Profitable Subpar Work – A Strategy for Selling at a Farmers Market
Most of my income comes from weekend art/farmers markets where I sell mainly turned work (bowls). I’ve learned that you need to have a bell curve of prices from cheap to extravagant with the majority falling in the middle-class affordable range. I’ve always struggled with the $20 cheap range.
If you don’t have a selection of goods at low prices you lose mid-priced sales from the uneducated. These people will always ask, “How much are your bowls?” That’s what life has trained them to do. If your answer is only about the eye-catching masterpiece that caught their attention, the price will scare them off from everything else. They’ll bolt after platitudes. The ability to say, “Our bowls range from the $20 range on up to several hundred,” gives you the opportunity to talk, educate and build value. You can talk about the process, differences in design/species, discover their personal needs and plant gift ideas. Because they don’t bolt you have the opportunity to sell.
But, if your low-priced items are obvious crap then they will lower the perceived value of the entire booth. A decent bowl takes hours to make so in no way you can make a bowl to your best ability and only charge $20. You’ve got to prioritize your abilities and swallow your pride.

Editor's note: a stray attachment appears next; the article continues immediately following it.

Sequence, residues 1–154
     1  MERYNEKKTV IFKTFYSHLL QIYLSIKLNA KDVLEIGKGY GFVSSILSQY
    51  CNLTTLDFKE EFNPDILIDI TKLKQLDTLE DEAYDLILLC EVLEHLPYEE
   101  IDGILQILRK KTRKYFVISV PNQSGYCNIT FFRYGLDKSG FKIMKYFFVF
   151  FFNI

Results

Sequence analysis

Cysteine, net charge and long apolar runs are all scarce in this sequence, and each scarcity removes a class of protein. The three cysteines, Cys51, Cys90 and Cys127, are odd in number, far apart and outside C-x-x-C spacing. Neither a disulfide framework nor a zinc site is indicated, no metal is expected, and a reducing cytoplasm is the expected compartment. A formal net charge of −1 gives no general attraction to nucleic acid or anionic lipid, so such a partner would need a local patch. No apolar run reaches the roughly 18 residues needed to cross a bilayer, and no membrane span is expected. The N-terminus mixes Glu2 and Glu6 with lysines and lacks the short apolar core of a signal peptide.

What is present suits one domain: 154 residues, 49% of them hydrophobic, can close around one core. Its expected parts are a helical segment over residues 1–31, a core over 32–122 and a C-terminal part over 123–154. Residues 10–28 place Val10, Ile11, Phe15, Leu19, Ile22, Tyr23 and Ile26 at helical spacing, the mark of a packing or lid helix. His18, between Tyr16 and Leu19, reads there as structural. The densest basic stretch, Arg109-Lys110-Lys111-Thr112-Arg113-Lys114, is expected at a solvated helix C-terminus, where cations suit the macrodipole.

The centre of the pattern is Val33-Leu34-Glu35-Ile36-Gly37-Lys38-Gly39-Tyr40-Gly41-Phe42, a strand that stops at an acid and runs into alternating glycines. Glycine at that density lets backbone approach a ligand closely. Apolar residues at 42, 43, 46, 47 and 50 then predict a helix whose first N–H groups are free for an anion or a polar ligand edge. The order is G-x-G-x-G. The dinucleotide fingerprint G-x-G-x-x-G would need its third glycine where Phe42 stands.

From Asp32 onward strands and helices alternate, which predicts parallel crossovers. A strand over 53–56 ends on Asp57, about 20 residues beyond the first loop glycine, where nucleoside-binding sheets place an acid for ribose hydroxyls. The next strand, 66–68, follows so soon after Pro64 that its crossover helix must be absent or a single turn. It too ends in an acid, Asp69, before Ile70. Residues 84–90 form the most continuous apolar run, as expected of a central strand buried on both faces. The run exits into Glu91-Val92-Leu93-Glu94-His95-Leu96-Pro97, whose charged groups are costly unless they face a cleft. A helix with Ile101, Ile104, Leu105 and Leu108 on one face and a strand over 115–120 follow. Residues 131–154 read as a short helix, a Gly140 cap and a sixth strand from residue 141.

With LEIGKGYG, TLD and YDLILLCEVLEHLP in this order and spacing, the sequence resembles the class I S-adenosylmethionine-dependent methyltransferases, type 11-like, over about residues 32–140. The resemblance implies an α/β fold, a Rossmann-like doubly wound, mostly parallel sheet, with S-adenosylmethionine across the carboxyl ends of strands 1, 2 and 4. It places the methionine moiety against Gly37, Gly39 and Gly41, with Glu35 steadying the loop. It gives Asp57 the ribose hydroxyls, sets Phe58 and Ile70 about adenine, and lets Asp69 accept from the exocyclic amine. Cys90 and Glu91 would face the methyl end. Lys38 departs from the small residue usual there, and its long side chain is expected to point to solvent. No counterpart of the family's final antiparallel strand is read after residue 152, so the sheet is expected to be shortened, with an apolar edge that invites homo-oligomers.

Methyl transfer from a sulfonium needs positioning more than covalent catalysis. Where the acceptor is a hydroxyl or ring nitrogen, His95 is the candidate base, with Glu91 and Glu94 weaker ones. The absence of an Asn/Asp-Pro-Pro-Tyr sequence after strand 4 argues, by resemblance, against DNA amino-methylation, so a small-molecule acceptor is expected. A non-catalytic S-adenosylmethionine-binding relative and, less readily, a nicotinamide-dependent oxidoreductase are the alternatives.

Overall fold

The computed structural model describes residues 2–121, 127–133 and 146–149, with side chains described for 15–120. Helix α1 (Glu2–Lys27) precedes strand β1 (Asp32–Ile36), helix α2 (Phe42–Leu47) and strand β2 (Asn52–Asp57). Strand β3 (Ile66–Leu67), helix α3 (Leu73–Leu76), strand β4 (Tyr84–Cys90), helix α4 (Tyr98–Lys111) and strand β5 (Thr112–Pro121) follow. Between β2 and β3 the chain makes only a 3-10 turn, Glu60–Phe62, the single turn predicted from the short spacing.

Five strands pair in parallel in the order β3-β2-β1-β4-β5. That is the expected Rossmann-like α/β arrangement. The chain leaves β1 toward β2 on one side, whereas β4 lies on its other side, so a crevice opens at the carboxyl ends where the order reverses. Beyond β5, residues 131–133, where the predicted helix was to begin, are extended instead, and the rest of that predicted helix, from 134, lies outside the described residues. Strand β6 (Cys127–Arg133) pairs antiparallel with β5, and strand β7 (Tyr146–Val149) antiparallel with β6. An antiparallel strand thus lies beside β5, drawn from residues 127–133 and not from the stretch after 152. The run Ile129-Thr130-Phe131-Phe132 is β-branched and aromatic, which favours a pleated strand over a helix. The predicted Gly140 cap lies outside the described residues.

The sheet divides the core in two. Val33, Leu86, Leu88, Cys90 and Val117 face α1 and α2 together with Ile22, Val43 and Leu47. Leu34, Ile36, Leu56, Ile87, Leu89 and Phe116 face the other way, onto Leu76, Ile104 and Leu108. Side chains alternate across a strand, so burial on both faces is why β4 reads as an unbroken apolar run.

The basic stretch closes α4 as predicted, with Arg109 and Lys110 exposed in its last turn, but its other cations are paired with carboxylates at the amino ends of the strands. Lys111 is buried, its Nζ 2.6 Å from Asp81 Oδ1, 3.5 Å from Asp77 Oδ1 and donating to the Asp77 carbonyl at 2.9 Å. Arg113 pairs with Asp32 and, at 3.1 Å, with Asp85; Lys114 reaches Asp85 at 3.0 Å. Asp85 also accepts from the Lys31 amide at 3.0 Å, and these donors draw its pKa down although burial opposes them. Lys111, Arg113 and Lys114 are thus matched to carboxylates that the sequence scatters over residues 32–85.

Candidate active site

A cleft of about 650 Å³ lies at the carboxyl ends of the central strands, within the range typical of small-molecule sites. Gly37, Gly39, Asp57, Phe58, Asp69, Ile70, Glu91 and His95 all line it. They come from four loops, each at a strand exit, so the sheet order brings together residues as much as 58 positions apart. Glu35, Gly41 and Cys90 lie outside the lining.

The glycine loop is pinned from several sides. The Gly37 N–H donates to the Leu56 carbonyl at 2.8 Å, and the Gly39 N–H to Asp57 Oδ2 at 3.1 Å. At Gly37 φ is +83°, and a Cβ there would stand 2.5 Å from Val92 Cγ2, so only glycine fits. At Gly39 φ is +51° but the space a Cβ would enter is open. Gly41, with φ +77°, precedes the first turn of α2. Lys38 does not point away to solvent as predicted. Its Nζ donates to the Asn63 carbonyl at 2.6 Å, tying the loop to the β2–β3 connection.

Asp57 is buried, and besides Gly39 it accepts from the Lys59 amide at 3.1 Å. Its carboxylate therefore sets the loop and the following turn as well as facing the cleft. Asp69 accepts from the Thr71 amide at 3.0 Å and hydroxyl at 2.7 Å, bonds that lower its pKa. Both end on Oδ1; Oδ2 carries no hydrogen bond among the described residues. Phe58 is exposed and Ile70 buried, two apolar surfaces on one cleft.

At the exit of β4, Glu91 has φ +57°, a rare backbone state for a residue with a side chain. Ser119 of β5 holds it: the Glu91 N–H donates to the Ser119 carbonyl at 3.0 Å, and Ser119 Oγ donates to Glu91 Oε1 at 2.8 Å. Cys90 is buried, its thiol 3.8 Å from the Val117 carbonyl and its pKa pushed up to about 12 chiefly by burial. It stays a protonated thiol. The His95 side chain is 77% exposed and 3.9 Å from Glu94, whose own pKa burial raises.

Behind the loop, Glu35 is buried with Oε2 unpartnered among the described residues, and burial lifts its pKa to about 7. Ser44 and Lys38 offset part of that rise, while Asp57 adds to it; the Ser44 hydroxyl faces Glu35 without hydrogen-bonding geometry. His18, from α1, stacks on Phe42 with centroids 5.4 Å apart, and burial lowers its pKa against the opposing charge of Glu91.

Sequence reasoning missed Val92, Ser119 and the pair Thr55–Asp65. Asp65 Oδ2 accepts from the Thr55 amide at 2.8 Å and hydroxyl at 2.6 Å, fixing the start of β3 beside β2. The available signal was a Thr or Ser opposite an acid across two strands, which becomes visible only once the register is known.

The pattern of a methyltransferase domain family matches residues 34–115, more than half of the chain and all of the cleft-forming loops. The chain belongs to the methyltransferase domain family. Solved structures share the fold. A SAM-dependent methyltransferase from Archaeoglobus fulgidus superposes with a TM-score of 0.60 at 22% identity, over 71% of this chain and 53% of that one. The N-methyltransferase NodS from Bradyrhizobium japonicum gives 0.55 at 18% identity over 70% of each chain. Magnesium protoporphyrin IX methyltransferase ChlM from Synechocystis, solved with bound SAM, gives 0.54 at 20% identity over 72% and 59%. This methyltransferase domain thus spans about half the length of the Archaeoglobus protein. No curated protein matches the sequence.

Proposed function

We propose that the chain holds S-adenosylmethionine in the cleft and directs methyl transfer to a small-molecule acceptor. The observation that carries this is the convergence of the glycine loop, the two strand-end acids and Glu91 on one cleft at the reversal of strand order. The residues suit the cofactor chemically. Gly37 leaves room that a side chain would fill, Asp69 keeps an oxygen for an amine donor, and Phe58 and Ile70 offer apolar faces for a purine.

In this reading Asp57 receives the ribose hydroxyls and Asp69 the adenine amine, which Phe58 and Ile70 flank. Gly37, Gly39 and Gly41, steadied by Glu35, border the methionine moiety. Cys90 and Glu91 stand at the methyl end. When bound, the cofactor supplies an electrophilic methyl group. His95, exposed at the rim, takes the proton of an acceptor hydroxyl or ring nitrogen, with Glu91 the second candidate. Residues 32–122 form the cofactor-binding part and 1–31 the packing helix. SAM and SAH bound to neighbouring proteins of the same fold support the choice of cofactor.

A $20 something bowl is not going to be my best work nor made of the best material. I’ll put 20 minutes into what would otherwise be scrap. In order to meet those parameters, I prioritize two things and let everything else slide. The shape must be right and the interior finish cut must be done to my best ability (and there is no second finish cut.)
The wood is the green quartersawn scrap sides of the pith I cut out making “real” bowl blanks. Greenwood will warp and the grain is not centered but it cuts fast and is free. A quick coat of milk paint hides poor sanding, minor tear-out and accentuates tool marks. The interior is off the gouge smooth and burnished with beeswax. The end product is a fully functional bowl for stuff like cereal with a nice shape and color.
But as I wrap this low-priced bowl up for a customer I always swallow hard. Luckily it’s rare that’s the only bowl they’ve purchased.